Thanks to my very good friend Landon Zakheim – who curated the second annual “Razorblades in Your Reese’s” Halloween short film program at the Downtown Independent last Monday- I was exposed to the tender and hilarious ennui of filmmaker Emily Carmichael. I am very happy this has happened. Her short The Hunter and the Swan Discuss Their Meeting was an outcast among the more shocking and musically epic shorts in the program (The Legend of Beaver Dam is one of the greatest things ever, as well), but its sensibility was dry and sweet, like some Yellow Tail at a dinner party with friends you don’t quite you know yet. Her contemporary take on this classic myth is fresh and she uses her symbols well.
But it’s her ongoing animated series The Adventures of Ledo and Ix that has me jazzed up. In this currently 8-part work, Carmichael uses the pixelated melodrama of the adventure RPG to cast absurd exigence on the hero/sidekick-vs-indifferent-cosmos experience. In four minute bursts, and with only 256 colors (which close-up, still manage to evoke real pathos), she parses the loopholes of consciousness, the automation of society, fear of the unknown, and the habits we cling to that give us meaning.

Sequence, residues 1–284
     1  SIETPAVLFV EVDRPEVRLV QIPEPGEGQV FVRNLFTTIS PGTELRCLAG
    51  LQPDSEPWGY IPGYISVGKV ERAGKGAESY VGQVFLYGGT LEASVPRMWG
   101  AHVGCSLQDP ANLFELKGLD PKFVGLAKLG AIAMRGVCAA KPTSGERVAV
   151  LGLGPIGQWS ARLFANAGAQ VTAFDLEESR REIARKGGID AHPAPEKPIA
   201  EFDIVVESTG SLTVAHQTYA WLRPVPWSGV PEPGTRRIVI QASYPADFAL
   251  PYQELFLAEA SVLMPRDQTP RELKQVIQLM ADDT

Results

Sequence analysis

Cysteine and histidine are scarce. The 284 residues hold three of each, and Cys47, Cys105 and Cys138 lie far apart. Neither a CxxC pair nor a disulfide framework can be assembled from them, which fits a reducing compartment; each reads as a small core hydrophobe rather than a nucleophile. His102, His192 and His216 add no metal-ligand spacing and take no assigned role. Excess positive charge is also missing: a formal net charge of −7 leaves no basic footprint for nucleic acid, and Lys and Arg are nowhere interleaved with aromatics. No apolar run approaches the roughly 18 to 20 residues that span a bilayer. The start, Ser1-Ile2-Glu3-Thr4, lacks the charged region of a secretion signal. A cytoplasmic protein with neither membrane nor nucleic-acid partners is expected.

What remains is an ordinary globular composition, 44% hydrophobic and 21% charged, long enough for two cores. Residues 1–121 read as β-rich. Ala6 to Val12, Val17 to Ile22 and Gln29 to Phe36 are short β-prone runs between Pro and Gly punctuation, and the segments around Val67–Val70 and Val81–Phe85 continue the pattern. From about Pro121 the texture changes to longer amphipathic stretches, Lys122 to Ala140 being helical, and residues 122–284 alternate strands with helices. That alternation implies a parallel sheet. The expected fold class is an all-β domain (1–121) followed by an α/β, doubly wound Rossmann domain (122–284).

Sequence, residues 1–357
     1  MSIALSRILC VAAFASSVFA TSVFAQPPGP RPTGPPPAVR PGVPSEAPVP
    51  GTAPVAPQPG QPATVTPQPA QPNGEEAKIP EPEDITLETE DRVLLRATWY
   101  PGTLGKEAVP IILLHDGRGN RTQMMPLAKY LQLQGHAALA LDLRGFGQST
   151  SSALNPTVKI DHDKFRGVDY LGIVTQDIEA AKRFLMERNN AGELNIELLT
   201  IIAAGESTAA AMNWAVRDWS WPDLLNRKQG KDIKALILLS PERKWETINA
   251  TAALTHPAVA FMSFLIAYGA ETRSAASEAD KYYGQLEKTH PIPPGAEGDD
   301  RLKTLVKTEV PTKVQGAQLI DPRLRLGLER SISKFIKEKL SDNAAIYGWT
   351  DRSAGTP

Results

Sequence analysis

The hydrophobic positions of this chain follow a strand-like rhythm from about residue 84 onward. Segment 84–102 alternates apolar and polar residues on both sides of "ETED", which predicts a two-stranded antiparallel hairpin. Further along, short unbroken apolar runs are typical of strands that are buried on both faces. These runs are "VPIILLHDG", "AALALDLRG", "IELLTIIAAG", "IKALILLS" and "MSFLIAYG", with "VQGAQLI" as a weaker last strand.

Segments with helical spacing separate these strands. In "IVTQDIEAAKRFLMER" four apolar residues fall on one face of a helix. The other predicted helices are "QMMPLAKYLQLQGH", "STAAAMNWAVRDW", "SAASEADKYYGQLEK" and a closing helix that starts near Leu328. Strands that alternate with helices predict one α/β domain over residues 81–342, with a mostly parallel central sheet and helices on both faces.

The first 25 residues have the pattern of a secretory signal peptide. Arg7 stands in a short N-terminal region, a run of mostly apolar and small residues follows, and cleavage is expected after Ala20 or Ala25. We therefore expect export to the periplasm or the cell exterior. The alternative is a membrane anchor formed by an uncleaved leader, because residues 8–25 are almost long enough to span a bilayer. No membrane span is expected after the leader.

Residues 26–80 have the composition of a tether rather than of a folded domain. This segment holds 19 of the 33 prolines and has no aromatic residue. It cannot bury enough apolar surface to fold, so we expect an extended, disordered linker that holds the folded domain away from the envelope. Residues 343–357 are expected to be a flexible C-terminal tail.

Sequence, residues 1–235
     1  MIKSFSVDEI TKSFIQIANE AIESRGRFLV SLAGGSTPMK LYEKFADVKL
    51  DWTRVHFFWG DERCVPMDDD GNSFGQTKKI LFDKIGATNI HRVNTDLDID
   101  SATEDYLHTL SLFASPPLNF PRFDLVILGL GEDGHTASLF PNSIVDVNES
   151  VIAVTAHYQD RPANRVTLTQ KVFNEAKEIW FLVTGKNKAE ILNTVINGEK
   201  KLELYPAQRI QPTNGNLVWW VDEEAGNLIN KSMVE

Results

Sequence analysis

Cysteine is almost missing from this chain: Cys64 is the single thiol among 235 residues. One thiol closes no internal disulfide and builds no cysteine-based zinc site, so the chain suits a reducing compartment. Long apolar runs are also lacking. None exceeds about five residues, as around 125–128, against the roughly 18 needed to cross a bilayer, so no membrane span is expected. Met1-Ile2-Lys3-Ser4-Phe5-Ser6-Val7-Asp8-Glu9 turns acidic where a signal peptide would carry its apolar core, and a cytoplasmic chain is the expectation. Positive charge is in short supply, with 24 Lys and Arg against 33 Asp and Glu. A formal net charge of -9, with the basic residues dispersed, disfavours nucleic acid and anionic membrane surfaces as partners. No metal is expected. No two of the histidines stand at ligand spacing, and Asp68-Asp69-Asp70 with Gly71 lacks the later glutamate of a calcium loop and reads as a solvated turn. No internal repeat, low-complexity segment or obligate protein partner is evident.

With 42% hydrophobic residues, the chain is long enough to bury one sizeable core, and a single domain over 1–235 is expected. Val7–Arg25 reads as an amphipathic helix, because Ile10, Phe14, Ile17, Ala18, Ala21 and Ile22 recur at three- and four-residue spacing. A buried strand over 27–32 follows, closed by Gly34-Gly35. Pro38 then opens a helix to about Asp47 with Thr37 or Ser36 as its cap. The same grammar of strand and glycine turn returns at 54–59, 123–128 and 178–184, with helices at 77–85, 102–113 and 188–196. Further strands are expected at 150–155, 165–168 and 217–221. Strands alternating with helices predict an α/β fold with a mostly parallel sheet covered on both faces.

In her words:
The interface between the epic and the everyday is one of my most lasting fascinations, so I decided to give my adventurers modern dialogue and recognizable concerns. I wanted to explore how they experienced the predicament–constant travail in quest of a goal that’s never fully explained–and how, in their own different ways, they might long for something else.
I want to play this imaginary video game.
Anyone who spent hours pondering cause-and-effect with Chrono and Frog, stoked a nearly suicidal long distance romance with a princess you never met, or wished Waiting for Godot had a boss level -they will want to watch every single one of these.